As I mentioned earlier, Alfonso Soriano will be 38 when his contract expires in 2014.  Most players start to deteriorate by age 33, and many are in full decline a year or two later.  Perhaps Soriano is an exception to that trend, but that’s highly unlikely and is dependent on luck, something the Cubs lack (the Bartman and Mark Prior are great examples of the Cubs’ un-lucky-ness).  If Soriano does in fact start to deteriorate at age 33, the Cubs will only get $17Million worth (if that’s his true value) for 4 years at most; after that, Soriano will be collecting paychecks, but won’t be paying dividends on the field. 

I mentioned earlier that Alfonso Soriano’s EqA was .300 for this season.  Baseball Prospectus projects that his EqA will decline slowly, bottoming-out at .255 in 2014.  The biggest drop will be between 2007-08 when Soriano’s EqA is projected to go from .291 to .275; in other words, two years from now, the Cubs can already expect to be regretting their decision.  On average, over the next 8 years, Soriano’s EqA will be .271, which is far from desirable for a leadoff hitter, even if he does slam 40 balls out of the yard.  I don’t know if Jim Hendry ever saw these projections, but paying 18-20Million (2014 is the most expensive year of Soriano’s contract) for a .255 hitter who’s 38 years old doesn’t strike me as a particularly smart decision.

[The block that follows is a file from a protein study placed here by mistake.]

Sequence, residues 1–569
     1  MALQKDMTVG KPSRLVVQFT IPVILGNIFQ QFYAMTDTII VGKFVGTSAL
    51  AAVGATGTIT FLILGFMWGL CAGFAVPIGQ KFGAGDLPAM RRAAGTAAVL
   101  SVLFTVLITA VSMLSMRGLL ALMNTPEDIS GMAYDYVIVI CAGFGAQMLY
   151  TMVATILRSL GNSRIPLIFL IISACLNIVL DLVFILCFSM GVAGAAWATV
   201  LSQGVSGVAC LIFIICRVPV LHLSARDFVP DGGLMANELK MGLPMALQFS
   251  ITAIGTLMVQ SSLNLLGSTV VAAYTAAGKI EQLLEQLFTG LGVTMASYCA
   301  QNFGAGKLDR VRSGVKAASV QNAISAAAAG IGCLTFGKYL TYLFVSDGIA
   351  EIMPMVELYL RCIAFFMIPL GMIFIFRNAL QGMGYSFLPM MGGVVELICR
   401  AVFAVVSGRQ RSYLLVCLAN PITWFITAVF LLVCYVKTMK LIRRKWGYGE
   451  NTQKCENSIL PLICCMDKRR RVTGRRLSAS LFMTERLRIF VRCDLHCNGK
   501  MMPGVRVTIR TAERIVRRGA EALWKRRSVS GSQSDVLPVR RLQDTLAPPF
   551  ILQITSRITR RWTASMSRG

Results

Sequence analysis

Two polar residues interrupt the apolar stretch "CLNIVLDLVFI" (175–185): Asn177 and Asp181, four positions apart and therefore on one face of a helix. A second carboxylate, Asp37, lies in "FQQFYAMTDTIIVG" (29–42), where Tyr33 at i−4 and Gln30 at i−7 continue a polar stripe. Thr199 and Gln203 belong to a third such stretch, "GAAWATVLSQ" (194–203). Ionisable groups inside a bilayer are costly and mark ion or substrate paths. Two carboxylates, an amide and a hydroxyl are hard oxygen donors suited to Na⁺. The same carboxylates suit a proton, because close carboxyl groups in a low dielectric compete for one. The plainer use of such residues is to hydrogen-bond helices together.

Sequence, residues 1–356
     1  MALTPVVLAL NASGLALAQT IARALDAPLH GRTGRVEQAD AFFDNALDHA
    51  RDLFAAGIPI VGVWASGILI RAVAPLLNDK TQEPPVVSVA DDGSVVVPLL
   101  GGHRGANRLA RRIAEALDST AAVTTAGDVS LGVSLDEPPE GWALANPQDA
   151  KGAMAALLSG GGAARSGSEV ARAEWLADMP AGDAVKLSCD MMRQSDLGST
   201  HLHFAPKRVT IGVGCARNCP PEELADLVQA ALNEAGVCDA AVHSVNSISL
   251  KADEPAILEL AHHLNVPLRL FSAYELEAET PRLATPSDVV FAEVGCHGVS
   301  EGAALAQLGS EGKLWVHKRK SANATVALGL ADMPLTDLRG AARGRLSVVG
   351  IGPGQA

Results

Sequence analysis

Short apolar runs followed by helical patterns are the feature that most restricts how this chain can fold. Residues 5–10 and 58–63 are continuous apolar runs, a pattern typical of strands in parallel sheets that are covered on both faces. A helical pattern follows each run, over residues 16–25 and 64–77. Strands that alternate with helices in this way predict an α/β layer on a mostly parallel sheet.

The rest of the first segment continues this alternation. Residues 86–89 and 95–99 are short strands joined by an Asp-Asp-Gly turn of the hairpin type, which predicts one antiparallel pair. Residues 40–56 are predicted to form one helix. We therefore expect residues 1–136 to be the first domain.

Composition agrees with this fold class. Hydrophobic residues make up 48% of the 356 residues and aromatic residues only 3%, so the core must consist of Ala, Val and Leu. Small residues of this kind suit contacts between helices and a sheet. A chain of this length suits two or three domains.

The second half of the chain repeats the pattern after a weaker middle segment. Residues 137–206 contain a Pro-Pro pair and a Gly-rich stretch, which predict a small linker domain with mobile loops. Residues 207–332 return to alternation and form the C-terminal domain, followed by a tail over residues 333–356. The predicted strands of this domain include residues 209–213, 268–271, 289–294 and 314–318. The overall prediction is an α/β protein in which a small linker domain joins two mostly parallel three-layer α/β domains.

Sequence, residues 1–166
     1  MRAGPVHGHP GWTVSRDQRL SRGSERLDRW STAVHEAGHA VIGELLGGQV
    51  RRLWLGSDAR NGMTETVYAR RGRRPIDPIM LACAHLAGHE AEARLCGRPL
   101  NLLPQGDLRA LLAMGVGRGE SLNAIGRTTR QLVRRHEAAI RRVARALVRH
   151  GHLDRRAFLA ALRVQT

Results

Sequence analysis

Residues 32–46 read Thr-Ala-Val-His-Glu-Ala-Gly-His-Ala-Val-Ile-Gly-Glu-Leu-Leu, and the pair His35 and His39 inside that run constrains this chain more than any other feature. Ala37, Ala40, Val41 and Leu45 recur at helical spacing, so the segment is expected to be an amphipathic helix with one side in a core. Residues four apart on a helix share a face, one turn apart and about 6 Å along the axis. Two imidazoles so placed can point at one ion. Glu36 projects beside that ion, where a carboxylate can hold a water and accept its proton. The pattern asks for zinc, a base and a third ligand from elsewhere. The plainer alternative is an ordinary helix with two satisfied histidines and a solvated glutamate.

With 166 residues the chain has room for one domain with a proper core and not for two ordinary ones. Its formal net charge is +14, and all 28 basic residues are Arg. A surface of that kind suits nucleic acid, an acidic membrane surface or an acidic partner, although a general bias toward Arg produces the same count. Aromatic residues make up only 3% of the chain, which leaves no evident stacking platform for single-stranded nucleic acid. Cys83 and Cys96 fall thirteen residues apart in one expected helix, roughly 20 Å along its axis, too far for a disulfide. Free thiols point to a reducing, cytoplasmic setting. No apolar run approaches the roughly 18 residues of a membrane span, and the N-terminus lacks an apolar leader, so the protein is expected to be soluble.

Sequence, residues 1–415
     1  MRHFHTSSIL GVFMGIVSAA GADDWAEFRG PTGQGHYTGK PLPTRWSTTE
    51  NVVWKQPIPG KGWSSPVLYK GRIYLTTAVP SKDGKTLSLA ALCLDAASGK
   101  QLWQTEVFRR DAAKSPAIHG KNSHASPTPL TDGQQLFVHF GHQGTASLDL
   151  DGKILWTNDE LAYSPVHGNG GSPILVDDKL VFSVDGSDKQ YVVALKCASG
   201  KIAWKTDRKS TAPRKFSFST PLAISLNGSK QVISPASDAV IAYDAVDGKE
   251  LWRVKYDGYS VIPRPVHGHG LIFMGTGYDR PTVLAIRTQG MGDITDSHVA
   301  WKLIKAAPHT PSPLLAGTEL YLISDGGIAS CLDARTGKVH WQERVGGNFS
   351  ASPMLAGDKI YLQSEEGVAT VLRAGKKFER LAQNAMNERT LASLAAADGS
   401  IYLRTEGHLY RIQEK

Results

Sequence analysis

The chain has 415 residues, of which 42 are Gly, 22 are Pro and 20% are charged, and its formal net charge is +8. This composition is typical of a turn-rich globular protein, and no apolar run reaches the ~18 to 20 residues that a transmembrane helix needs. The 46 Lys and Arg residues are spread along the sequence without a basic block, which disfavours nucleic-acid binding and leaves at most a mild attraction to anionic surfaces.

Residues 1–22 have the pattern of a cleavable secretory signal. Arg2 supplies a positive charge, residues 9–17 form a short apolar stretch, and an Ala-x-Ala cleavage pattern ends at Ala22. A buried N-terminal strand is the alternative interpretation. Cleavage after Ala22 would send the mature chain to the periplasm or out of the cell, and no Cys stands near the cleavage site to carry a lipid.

One other thing that might’ve persuaded Jim Hendry to fork over 136Million to Soriano is his speed.  Alfonso Soriano stole 41 bases in 2006, which is terrific; unfortunately, Mr. Hendry overlooked two things about that. 

  1. As players get older, their speed tends to deteriorate.  Many players are able to steal 30+ bases in their early-30’s, but only 5 players have stolen 30+ bases at age 38 in MLB history.